September is here. Hanging over the head of world diplomacy like the Sword of Damocles, the month has taken on a new and foreboding meaning this year: It’s the time when the Palestinians plan to ask the United Nations to, in one form or another, elevate their national aspirations. Even many Palestinians think this is a bad idea, and we agree. But ever since their leadership, out of frustration or diabolical ego — take your pick, though we’d choose the former — decided to put down this marker, what could have been a positive force for reconciliation has instead turned into a moment everyone seems to be dreading. As economies sink and cities smolder, this is hardly the time for a conflagration at the U.N.
It doesn’t have to happen, but it will take just the right mix of Israeli and Palestinian flexibility, American leadership and European unity to avoid impending disaster. And one more thing: The American Jewish community must position itself as a force for reason and compromise, promoting Israel’s best interests but not standing in the amen corner if the Netanyahu government continues to make a difficult situation much, much worse.
No one party shoulders all the blame here. The Palestinian Authority leadership is understandably frustrated that the genuine steps it has taken to build a state from the ground up and to engage in unprecedented security cooperation with Israel have not moved the needle on statehood and seem only to have invited more intransigence (and more settlements) from the Netanyahu government. But the P.A. has painted itself into a corner. Most experts believe that national recognition, requiring a Security Council vote that the United States will understandably veto, is a non-starter. Second best is elevation to nonvoting observer status, a stepping stone to sovereignty but far from the real thing. The upside: diplomatic encouragement on the world stage. A more level playing field if negotiations resume. A political win back home.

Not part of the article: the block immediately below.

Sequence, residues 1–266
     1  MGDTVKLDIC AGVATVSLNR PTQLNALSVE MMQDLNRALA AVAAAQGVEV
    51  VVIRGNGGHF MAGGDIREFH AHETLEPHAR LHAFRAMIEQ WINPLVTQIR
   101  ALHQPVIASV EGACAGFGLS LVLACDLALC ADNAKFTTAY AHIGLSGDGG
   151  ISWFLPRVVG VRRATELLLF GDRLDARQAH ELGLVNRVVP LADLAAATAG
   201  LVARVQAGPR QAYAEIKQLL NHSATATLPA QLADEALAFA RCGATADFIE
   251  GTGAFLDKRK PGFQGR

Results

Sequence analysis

The downsides: Well, that depends. From Israel’s perspective, the most potent danger is that it will embolden Palestinian President Mahmoud Abbas to pursue cases against Israel for alleged war crimes in the International Criminal Court. Another very bad idea. Such a strategy would dramatically escalate Israel’s isolation and do so unfairly, shifting the conflict from the negotiating table to a venue bound to be more litigious and confrontational.
The United States has already made very clear its opposition to any move like this on the part of the Palestinians, and that, too, can lead to significant downsides if this major source of funding and support turns away. Especially worrisome would be the action threatened by some in Congress, to cut off the half billion dollars in aid it sends to the P.A. That’s not just another very bad idea, it’s a dangerous one. Satisfying though it might be to yank money away from a misbehaving dependent, the collapse of the P.A. would be a disaster for the region, halting economic development and security cooperation, and undoubtedly ushering in a more radical regime.
Unfortunately, the hope that the Sword of September would propel Abbas and Prime Minister Benjamin Netanyahu to resume negotiations has been dashed with each passing week. With only days left before the U.N. General Assembly opens on September 20, trying to avert an actual vote may be futile; instead, the emphasis must be on crafting language that will give the Palestinians a tangible advance while protecting Israel from unilateral borders, further diplomatic isolation and judicial witch hunts. It is possible. Not likely, but possible.
The words can be found. But can the will? Can Netanyahu and Abbas summon the fortitude to prevent an epic clash and the creativity to chart a more productive path? Can the Obama administration stick to the course it laid out last May, in two wise and courageous speeches by the president, and finally secure that as a blueprint for serious negotiation? Can European leaders shelve their differences and ambivalences to constructively support this effort?
We can only hope. But as American Jews, we can also do something else: Urge our elected officials and self-appointed communal leaders to turn September into a time for reason and compromise, to remove the sword dangling above us and replace it with something that, in the long run, will be more productive for Israel.